America could benefit from becoming more trusting, open-minded, and peaceful about people in general. In America we could create differences between us by calling ourselves Idahoans and Californians; however, we conclude that we are all American and that is what matters. This same concept can be implemented world wide. Some people may be American and some may be Iraq but we are all people living in the world. If everyone could learn to see the similarities, or not even care about the differences, as hippies did, the world would be closer to having world peace. Even though some might say peace isn’t probable, by attempting to create world peace, the world becomes more peaceful, even if it won’t ever be in complete peace.
The Hippie movement became present in America because the hippies were tired of conforming to standards. In many ways, hippies pushed past the boundaries set by society in that time period. According to a 1967 Times article:
The hippies hope to generate an entirely new society, one rich in spiritual grace that will revive the old virtues of agape and reverence. They reveal, says University of Chicago Theologian Dr. Martin E. Marty, ‘the exhaustion of a tradition: Western, production-directed, problem-solving, goal-oriented and compulsive in its way of thinking.’ Marty refuses to put the hippies down as just another wave of "creative misfits," sees them rather as spiritually motivated crusaders striking at the values of straight society where it is most vulnerable: its lack of soul (Time).
Although the hippies did change fashion, art, and music, it wasn’t only these that they changed. By pushing the social limits as hard as they could with the sex, drugs, and rock n roll, they changed America by making it possible for future individuals to challenge conventions. In this way, the hippies were motivated crusaders, because they were changing the rules of society that said, “You can’t be different”. They challenged this idea in a number of ways. Their motto was, “If it feels good, do it” (Stone). Hippies grew their hair long, used drugs, practiced sit ins to promote peace, practiced experimented with different religions and believed in free love. Free love meant that they could have sex whenever, wherever, and with whomever (Hippies). All of this radical change was a complete backlash to their parents and their conformity of the 1950’s. They grew their hair long because their parents cut theirs short, they practiced sit ins for peace, because their parents supported war, they experimented with religion because their parents were Catholic, and they believed in free love, because it wasn’t talked about by their parents.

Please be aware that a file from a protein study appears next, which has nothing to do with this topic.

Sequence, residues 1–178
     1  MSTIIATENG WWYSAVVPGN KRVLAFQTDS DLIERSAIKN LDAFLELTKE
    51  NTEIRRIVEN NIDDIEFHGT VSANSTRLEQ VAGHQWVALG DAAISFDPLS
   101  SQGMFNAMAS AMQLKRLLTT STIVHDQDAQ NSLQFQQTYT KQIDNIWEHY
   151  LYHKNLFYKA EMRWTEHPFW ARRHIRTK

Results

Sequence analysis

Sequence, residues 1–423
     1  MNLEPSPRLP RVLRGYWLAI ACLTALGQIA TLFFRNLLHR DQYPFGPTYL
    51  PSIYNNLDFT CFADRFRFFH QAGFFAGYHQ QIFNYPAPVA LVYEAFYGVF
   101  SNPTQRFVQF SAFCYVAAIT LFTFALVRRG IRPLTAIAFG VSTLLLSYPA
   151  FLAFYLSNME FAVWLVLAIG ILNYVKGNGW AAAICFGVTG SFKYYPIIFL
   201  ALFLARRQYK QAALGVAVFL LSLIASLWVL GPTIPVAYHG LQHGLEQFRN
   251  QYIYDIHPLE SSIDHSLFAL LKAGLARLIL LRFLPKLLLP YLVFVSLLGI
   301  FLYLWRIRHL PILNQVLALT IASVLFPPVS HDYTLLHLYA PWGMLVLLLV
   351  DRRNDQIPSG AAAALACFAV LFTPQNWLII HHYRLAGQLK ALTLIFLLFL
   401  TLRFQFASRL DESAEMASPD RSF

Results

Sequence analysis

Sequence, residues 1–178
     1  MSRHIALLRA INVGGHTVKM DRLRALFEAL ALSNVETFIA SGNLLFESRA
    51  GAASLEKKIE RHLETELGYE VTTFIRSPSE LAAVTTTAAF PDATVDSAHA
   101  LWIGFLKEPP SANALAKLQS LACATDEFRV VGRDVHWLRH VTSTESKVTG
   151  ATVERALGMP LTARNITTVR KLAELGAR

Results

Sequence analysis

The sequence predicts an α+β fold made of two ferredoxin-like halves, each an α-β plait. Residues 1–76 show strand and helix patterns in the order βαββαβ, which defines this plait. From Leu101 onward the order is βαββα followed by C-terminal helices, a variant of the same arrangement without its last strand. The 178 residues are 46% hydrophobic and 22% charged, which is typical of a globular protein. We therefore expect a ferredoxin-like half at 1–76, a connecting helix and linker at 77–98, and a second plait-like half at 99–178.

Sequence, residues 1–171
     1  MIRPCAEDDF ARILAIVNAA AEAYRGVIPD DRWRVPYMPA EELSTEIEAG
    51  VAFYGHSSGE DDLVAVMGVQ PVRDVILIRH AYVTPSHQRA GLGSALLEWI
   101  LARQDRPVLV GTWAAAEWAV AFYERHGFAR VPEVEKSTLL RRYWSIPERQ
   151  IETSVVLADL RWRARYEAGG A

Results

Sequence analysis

The effects of this change in thought from conformity to individualism can still be seen today. For example, in the 1950’s what was seen as appropriate and inappropriate was very different from what it is today. In the 1950’s women seldom wore jeans or anything that hinted at sexuality. However now women can wear mini skirts and it is more accepted than it would have been in the 50’s (Gray).
Because the hippie era was so unique, one has to ask, “Where have all the hippies gone?” While there is still political activism against war, the hippies all rallied against social convention together. However, now you don’t see the youth rallying together collectively and fighting societal problems like world peace or even fighting societal norms (Eklof). One possible reason for this may be that college campuses now fund and allow student activism. According to prospect.org, a website that contained the article, ‘The Problem With Youth Activism’, “As great as it might seem that colleges and universities are supporting student causes, I actually believe that it has tamed the critical energy necessary to be young, outraged, and active” (Martin). Maybe the promotion of student activism is the reason that the youth aren’t as a culture involved because generally when something is accepted, it’s not fun anymore. Also, according to the book Generation Me, because of the prevalent use of technology, kids today are far more isolated and depressed than they were before (Twenge).
However, Americans could benefit from changing anything collectively. If America’s youth could rally together to fix something, they might be far less isolated and depressed. They feel the need to be successful and independent because that is what society tells them. However, relationships and community service, changing the world, are what make people happy. According to Inaki Lete, “Today’s Generation feels entitled to what they want” (Lete). If today’s generation could band together, going after their high ambitions would be easier than going it solo. However, we have grown up with everyone telling us, “you can do it”, “You can be anything you want to be”, and “You don’t need to depend on anyone to make you happy”. Sadly, because of this, You and I aren’t as blurred as in Woodstock. People use “I” far more than “we”. “I” is capitalized no matter where it is in the sentence, whereas “we” is not.